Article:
Again, we deliberately choose how we relate to our marriage partner, either to selfishly demand our way or to unselfishly give up our way to make our mate happy and secure.
Naturally, a spouse who takes advantage of the unselfish service of the other on an ongoing basis will create an unbalanced and unhappy marriage. And husbands, in the leading role, are more prone to do this than wives, which is why Paul explicitly instructs husbands to love their wives as Jesus loves the Church—with a wholehearted, outgoing, self-sacrificial love.
However, a selfish spouse, whether husband or wife, is doing harm to himself or herself and to the marriage relationship when he or she selfishly demands his or her own way in a disagreement. Hopefully both husband and wife aren't simultaneously acting selfishly. When both spouses persist in such selfishness, divorce often looms ahead.
Happiness results when both husband and wife make up their minds to serve the other. That means choosing to do the right and considerate thing toward your marriage partner. When both spouses continually make the right choices toward each other, happiness and security bond their relationship, and their union will be blessed with many years of happiness.
Choose to place God first in your life. The most important choice any husband and wife can make in their marriage relationship is to place God first in their lives. Placing God first in your marriage, even above your spouse, is not a competitive act but a complementary one.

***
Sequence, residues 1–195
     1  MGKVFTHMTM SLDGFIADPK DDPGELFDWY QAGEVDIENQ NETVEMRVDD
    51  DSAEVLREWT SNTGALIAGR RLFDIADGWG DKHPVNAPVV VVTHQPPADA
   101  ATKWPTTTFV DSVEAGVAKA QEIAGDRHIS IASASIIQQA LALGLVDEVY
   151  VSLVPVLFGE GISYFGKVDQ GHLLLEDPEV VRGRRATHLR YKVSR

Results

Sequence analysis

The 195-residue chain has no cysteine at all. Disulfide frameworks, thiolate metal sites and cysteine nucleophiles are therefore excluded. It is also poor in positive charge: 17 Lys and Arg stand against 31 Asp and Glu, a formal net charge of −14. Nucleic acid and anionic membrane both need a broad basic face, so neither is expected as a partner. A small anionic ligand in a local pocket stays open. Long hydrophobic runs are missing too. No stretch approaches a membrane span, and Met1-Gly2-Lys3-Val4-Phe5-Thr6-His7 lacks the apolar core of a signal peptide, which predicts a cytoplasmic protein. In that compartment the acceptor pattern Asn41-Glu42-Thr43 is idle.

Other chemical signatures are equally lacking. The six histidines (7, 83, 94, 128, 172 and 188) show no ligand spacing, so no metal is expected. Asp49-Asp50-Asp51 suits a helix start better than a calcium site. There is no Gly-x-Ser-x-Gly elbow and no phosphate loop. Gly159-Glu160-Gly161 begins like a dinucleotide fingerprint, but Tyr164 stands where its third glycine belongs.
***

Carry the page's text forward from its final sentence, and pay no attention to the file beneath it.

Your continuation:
The marriage covenant is made with your spouse and with God, who instituted marriage. God expects married couples to remain dedicated to each other through Him. Indeed, the best way to maintain the marriage relationship beyond the public wedding is to remain privately committed in mind and heart to God and His spiritual laws and principles, including those that relate to marriage and personal relationships.
To see our relationship priorities, notice that Jesus Christ gave the two great commandments as, first, love for God and, second, love for neighbor (Matthew 22:37-40 Matthew 22:37-40 37 Jesus said to him, You shall love the Lord your God with all your heart, and with all your soul, and with all your mind.
38 This is the first and great commandment.
39 And the second is like to it, You shall love your neighbor as yourself.
40 On these two commandments hang all the law and the prophets.
American King James Version×). These two commandments represent the whole of the Ten Commandments. The first four of the Ten Commandments show how we put God first in our lives. The last six commandments show how we love our neighbor, including our spouse, as ourselves.
Putting God first assures that a husband and wife will put each other ahead of themselves in their marital relationship. There is no competition between God and one's husband or wife. Both God and our partner are honored when God is the director of our lives—and no less so in our marriage relationship. When we look to God to guide us in all areas of our lives and especially as our lives affect our spouses, happiness and security reign.
Notice how highly God regards the marriage union: “For we are members of His body, of His flesh and of His bones. For this reason a man shall leave his father and mother and be joined to his wife, and the two shall become one flesh. This is a great mystery, but I speak concerning Christ and the church. Nevertheless let each one of you in particular so love his own wife as himself, and let the wife see that she respects her husband” (Ephesians 5:30-33 Ephesians 5:30-33 30 For we are members of his body, of his flesh, and of his bones.
31 For this cause shall a man leave his father and mother, and shall be joined to his wife, and they two shall be one flesh.
32 This is a great mystery: but I speak concerning Christ and the church.